CANBERRA — A surprising election result in Australia saw the return of a conservative Coalition government headed by Scott Morrison. But U.S.-based experts participating in a panel discussion hosted by the Center for Strategic and International Studies last week believe that despite the returning government, Australia’s foreign policy may not continue on the same trajectory.
“We’ve not seen a Morrison government,” Alan Tidwell, professor of the practice and director of the Center for Australian, New Zealand & Pacific Studies at Georgetown University, told the audience. “While he was prime minister, he hit the ground running in election mode — he never really had an opportunity to be prime minister on his own. So it’s going to be really interesting to see how that rolls out and what the manifestations of his leadership are.”
In unpacking the results of the election and the implications for a range of policies, including foreign policy, senior adviser and director of CSIS’ Southeast Asia Program, Amy Searight said there were two key issues: “climate change and China.” Both issues impact strongly on the battleground that has emerged at the center of conflicting global policies, including China-Australia-United States relations — the Pacific.
The growing strain on geopolitics between Australia and China, Searight explained, began under the leadership of former Prime Minister Malcolm Turnbull.
“The Liberal government under Turnbull and now Morrison has taken a very hard line on China — at least from Beijing’s perspective,” she said. “There was the anti-interference legislation, and one of the last things Malcolm Turnbull did before he was rolled was [to make] the regulation that Chinese companies Huawei and ZTE could not participate in the building of the 5G network in Australia. Beijing has been very unhappy about that and has put Canberra in a diplomatic freeze.”
But there was an anticipation that, with an expected Labor election victory, the reset would happen with new players at the table. Zack Cooper, a research fellow at the American Enterprise Institute, said it put Beijing in a difficult spot trying to figure out how to deal with this new government.
“Do you punish them for the policies the Coalition adopted over the past few years or do you try and slowly take Australia out of the freezer and approach the Morrison government as a new government and basically wave off the last nine months or so?” he asked.
His expectation is that Beijing will try to rekindle a relationship and the results could see some tougher policies from the United States not echoed in Australia if the Morrison government tries to “reach out more in a more positive way.”
The geopolitical conflict is playing out in the Pacific with Tidwell explaining that Australia, New Zealand. and the U.S. were among the countries “making a stronger pitch” in the region to combat the growing Chinese influence through the Belt and Road Initiative — including Australia’s commitment to the development of the Australian Infrastructure Financing Facility for the Pacific.
Australia, New Zealand, and the U.S. were the preferred partners to assist in the delivery of projects in the region, he said, but despite the preference, there needed to be a commitment to develop these relationships. And for Australia, the election had created a barrier with a “palpable sense of disappointment” in the Pacific due to the result appearing to be a rejection of stronger climate action.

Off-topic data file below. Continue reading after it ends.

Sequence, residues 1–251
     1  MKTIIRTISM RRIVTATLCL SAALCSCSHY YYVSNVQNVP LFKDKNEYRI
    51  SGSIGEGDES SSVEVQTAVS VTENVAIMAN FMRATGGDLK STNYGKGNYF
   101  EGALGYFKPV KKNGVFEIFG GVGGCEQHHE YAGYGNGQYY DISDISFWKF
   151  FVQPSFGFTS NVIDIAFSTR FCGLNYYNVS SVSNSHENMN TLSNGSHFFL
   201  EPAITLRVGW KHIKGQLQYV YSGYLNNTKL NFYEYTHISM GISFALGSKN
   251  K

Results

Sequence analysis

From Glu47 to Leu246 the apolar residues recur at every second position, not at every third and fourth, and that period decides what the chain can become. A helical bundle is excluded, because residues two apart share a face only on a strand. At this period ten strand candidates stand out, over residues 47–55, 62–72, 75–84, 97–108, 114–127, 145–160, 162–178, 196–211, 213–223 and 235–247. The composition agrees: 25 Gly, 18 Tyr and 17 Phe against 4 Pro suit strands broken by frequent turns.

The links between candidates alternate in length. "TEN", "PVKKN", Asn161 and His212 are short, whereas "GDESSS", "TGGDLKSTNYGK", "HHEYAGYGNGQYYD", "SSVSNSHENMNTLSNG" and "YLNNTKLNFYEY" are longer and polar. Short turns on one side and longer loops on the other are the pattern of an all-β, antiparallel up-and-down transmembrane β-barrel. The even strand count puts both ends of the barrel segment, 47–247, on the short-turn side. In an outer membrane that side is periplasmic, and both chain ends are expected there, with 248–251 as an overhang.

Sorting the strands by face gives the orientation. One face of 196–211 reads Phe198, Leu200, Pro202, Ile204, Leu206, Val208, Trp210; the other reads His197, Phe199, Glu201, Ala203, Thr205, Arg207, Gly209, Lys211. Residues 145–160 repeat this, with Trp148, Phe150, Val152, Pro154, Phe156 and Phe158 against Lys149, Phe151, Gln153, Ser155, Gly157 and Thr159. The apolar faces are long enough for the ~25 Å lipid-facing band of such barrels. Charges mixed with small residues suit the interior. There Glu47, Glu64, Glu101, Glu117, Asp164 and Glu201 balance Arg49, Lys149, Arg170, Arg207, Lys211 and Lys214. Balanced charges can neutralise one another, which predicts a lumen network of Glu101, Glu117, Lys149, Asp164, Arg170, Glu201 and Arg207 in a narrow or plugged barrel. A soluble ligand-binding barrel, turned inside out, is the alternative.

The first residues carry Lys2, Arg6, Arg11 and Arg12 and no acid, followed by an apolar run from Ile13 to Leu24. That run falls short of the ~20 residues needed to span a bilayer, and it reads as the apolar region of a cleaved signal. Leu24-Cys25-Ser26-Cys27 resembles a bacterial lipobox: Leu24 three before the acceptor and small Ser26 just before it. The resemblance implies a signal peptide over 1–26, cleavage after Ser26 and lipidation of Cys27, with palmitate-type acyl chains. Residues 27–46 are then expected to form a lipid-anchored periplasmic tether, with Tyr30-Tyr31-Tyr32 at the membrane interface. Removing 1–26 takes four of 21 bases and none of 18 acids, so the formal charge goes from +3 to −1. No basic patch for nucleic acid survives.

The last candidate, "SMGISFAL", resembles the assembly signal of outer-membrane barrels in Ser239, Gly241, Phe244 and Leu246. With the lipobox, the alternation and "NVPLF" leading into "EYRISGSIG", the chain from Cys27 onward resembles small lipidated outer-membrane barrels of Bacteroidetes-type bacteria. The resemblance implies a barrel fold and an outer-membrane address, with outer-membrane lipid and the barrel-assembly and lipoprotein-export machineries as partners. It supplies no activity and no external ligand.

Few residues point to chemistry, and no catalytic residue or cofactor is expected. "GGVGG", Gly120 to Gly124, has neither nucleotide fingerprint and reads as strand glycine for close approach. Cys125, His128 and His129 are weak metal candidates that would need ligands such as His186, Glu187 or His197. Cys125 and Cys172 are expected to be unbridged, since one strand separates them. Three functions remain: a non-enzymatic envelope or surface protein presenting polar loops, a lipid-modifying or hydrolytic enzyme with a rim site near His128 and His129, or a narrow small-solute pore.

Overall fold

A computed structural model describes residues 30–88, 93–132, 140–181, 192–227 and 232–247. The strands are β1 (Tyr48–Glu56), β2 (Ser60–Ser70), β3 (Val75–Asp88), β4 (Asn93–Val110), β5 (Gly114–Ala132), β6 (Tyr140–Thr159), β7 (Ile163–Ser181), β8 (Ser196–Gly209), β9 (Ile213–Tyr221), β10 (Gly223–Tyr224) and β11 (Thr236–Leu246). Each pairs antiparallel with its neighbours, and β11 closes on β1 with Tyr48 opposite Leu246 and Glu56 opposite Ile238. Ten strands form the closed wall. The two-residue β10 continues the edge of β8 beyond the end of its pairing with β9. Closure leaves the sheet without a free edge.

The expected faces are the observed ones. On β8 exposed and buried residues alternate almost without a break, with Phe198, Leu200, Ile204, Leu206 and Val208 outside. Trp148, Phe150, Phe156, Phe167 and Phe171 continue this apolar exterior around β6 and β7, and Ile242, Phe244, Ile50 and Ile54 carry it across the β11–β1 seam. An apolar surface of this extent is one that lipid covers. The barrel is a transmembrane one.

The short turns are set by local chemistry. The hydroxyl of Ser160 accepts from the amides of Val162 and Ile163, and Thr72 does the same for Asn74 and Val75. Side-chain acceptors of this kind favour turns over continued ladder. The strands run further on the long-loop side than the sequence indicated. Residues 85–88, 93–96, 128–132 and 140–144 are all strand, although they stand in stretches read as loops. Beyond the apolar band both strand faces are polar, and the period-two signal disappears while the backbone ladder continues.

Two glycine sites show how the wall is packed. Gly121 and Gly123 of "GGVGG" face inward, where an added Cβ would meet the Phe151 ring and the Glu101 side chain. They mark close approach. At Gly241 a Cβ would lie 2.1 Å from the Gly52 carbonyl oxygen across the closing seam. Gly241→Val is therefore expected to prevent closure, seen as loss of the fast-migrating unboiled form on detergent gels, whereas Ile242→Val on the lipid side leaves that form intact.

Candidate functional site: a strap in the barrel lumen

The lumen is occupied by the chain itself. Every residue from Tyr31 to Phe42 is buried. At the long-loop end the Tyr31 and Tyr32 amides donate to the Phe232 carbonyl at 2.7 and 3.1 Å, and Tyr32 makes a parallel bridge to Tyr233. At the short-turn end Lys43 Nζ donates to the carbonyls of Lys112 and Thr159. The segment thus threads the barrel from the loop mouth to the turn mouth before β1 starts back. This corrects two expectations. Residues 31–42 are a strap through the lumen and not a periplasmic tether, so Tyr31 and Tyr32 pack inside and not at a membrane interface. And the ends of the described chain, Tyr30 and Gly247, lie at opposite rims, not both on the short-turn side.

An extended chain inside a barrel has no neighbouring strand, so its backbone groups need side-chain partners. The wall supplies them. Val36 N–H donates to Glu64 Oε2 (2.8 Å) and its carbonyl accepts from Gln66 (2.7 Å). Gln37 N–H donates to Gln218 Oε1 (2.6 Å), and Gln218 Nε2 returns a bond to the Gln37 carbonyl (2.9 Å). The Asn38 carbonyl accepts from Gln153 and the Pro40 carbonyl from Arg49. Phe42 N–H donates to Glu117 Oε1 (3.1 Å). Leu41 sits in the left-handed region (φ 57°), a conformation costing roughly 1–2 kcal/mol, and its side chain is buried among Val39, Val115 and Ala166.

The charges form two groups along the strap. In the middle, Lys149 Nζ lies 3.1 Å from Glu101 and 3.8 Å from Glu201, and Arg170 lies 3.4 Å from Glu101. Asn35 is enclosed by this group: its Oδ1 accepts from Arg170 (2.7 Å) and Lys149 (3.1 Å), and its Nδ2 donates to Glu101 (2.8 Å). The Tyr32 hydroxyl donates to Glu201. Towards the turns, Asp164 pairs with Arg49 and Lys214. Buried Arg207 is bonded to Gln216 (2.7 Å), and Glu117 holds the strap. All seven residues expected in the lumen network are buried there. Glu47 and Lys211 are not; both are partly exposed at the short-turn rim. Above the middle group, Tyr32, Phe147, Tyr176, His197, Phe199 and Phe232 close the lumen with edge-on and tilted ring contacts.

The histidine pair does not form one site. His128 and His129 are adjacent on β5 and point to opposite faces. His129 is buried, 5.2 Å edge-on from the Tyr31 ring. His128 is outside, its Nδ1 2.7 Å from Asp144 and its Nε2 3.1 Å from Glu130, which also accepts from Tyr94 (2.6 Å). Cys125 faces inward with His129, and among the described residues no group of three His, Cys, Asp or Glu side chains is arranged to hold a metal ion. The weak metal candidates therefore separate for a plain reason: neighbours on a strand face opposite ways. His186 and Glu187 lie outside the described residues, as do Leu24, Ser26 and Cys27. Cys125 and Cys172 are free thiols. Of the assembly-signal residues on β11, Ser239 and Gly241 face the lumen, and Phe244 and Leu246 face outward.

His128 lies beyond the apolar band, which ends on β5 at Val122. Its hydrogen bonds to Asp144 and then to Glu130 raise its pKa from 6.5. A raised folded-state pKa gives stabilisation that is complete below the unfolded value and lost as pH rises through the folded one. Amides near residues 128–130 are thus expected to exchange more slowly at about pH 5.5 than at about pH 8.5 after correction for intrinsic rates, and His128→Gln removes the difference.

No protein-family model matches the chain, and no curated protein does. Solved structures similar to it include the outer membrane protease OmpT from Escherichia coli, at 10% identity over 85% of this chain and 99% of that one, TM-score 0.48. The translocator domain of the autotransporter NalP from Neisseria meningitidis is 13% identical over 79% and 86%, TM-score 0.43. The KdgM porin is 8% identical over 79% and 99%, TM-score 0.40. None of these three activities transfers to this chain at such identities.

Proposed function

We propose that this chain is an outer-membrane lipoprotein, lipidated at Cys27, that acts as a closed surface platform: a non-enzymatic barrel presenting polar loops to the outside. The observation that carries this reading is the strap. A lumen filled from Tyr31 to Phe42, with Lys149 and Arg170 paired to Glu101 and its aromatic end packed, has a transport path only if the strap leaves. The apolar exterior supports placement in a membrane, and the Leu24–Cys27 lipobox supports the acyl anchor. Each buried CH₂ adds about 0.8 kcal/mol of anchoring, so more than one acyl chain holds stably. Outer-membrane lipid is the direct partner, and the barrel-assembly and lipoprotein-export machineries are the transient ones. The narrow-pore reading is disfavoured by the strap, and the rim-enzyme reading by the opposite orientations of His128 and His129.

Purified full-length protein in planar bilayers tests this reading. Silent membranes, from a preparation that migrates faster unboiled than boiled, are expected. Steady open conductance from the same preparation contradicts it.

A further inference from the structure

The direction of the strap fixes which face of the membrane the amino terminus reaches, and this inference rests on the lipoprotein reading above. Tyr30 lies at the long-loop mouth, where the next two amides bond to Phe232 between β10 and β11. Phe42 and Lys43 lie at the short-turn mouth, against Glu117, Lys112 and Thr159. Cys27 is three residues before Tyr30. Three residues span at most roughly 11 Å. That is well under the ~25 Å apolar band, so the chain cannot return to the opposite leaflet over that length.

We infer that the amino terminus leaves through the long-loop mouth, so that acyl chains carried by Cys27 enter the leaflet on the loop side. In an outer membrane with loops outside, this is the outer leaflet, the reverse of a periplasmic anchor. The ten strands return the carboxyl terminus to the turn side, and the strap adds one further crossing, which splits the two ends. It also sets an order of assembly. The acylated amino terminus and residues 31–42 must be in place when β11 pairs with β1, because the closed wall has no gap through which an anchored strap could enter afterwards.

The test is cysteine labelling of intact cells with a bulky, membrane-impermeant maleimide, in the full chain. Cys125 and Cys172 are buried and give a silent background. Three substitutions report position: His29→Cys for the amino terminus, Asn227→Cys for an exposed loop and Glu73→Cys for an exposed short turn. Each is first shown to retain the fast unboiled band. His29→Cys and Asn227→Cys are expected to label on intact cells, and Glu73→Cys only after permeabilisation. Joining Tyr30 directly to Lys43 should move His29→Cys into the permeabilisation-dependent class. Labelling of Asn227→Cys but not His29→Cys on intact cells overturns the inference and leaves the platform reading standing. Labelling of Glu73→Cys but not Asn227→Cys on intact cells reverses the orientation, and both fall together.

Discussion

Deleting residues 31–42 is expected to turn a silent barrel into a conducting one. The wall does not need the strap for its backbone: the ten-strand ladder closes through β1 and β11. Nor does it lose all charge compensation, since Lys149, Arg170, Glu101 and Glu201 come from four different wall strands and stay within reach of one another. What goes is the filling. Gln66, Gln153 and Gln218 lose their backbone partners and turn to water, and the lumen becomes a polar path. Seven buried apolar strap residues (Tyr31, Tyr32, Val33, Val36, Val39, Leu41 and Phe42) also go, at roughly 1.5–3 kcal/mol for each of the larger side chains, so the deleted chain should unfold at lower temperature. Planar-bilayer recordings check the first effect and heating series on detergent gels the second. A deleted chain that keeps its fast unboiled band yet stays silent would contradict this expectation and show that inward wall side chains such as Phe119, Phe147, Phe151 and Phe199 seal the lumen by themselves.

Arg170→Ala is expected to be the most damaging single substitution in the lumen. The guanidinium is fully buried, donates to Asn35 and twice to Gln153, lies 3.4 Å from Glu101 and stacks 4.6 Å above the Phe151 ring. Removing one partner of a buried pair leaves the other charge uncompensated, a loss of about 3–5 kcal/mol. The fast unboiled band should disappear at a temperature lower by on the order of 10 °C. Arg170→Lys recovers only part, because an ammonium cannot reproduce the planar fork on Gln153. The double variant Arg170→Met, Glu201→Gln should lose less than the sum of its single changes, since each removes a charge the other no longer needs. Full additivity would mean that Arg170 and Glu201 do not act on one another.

“I think that is going to be a weight that Australia is going to have to manage with the Pacific Islands Forum as well as capitals around the Pacific,” Tidwell said.
It was a concern echoed by Cooper.
“One of the top issues in the Pacific is climate change,” he said. “So how do you go to Pacific islands and convince them that this is not all about geopolitics, that it’s not all about U.S.-China and Australia-China, but you really care about what is going on in the Pacific islands without talking a little bit about climate change. And can a leader like [U.S. President Donald] Trump and Morrison actually do that effectively? I don’t know. It’s a tough question.”
But there was also cynicism in the Pacific that greater interest in the region would last, with Tidwell saying previous Western engagement has been “episodic.”
“As we look at the competition between the United States and China and competition for influence in the Pacific, one of the things we really need to have an eye on is having an engagement that isn’t just episodic, that isn’t the flavor of the month, but persists over time.”
Understanding China ‘savvy’
The challenge in the debate, Searight said, was considering China’s involvement in the Pacific as a “black and white issue.”
“There are projects that are welcome and are seen in their long-term interests and others that they’re quite aware are shoddy and come with downside risks and so-on,” she said. “They’re savvy managers of China. They’ve been dealing with China longer than we have. We should be supporting them with alternatives and any other assistance and showing up, but I don’t think we should assume that the Belt and Road initiatives are unappealing for all countries in all cases.”
And Searight said it was important to consider the importance of Chinese commercial development in Pacific countries which is “pouring in investment the way traditional donors are not.”
“We shouldn’t be naive to think that by ‘stepping up’ ... we alleviate that type of influence and leverage as well,” she said.
It is a challenge Morrison’s new government — including new Minister for International Development and the Pacific Alex Hawke — will need to consider as part of its regional engagement moving forward.